Tony Judt, the author of “Postwar,” a monumental history of Europe after World War II, and a public intellectual known for his sharply polemical essays on American foreign policy, the state of Israel and the future of Europe, died on Friday at his home in Manhattan. He was 62.
After he passed the entrance examinations to King’s College, Cambridge, he volunteered as an auxiliary with the Israeli Defense Forces during the Six-Day War, acting as an interpreter for other volunteers in the newly conquered Golan Heights. There he lost faith in the Zionist mission and began to see Israel as a malign occupying power whose self-definition as a Jewish state, he later argued, made it “an anachronism.”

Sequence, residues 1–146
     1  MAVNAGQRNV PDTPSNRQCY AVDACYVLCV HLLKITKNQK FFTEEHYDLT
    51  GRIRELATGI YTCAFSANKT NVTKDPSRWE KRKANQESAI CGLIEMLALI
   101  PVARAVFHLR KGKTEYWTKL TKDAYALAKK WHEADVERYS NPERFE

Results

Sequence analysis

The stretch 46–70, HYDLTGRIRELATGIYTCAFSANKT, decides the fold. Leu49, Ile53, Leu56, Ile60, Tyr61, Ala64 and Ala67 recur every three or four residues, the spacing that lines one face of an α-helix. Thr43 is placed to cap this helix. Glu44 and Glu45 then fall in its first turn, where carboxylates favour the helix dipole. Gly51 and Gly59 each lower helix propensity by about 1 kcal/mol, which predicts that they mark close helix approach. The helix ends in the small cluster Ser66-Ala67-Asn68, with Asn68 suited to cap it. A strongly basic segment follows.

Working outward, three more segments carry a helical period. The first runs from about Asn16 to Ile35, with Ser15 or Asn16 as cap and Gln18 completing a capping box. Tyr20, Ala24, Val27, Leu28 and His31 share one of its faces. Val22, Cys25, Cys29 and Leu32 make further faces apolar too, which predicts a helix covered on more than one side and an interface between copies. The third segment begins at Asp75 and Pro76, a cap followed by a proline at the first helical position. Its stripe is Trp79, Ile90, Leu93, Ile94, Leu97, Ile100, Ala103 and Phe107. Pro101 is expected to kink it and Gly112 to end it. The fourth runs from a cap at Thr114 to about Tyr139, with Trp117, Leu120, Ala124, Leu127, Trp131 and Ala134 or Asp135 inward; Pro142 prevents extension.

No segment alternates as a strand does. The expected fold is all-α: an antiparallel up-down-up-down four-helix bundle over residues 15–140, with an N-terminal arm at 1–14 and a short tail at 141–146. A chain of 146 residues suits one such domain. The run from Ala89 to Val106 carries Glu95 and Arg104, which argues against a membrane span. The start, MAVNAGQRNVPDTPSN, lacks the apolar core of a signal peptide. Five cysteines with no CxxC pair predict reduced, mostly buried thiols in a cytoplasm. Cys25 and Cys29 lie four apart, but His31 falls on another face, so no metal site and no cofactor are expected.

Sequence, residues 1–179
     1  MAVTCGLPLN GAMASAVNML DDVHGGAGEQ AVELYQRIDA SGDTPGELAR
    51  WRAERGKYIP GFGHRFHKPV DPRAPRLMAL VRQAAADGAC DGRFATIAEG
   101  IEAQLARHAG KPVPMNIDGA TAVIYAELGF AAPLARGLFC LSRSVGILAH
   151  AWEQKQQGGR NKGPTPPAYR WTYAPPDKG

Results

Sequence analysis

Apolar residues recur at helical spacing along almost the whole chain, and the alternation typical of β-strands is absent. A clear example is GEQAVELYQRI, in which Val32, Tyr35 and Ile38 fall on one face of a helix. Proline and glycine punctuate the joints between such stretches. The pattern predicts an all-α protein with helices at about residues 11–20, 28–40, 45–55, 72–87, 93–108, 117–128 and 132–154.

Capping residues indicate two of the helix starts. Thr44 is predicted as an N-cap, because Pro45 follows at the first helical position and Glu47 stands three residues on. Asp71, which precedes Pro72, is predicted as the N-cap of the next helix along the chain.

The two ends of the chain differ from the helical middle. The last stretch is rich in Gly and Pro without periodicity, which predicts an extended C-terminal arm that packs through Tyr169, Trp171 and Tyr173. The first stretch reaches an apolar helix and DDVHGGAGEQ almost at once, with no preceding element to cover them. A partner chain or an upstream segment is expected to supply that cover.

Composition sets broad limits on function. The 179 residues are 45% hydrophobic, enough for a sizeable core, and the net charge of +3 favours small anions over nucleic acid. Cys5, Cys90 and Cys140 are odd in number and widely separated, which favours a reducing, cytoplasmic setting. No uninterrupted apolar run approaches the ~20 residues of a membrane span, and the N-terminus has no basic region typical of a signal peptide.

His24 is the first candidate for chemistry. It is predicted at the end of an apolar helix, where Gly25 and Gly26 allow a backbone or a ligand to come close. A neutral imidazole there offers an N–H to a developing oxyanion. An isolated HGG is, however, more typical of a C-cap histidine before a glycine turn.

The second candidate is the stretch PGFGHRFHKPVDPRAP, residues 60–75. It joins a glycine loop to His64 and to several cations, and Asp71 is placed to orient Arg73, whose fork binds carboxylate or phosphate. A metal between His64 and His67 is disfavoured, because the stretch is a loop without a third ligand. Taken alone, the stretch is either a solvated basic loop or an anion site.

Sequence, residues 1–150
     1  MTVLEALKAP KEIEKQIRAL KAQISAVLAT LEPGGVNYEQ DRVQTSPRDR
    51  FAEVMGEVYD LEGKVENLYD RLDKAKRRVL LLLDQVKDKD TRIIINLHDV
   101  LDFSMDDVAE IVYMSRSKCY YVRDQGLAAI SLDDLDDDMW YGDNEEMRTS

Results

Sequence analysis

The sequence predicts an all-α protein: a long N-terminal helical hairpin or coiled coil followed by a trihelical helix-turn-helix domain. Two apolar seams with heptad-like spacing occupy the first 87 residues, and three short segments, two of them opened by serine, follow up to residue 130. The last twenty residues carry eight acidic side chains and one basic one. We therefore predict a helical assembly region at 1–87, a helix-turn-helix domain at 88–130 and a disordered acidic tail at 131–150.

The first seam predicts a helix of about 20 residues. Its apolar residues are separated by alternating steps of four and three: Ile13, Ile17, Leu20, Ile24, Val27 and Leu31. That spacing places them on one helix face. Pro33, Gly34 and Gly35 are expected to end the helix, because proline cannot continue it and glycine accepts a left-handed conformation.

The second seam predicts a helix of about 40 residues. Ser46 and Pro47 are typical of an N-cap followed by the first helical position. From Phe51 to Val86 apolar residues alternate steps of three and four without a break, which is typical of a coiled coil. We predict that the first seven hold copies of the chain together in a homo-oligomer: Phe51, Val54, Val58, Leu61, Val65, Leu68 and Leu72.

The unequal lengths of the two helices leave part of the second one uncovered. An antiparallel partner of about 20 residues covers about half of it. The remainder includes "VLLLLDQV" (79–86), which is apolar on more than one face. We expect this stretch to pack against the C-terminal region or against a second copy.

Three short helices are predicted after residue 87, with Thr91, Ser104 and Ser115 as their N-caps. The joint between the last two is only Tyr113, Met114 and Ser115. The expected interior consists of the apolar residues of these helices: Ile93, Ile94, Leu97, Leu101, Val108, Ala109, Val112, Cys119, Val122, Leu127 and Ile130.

His views on Israel made Mr. Judt an increasingly polarizing figure. He placed himself in the midst of a bitter debate when, in 2003, he outlined a one-state solution to the Israel-Palestinian problem in The New York Review of Books, proposing that Israel accept a future as a secular, bi-national state in which Jews and Arabs enjoyed equal status.
“Today I’m regarded outside New York University as a looney-tunes leftie self-hating Jewish communist; inside the university I’m regarded as a typical old-fashioned white male liberal elitist,” he told The Guardian of London in January 2010. “I like that. I’m on the edge of both, it makes me feel comfortable.”
Sunday, August 8, 2010
Tony Judt, 1948 -- 2010
From the obituary in the New York Times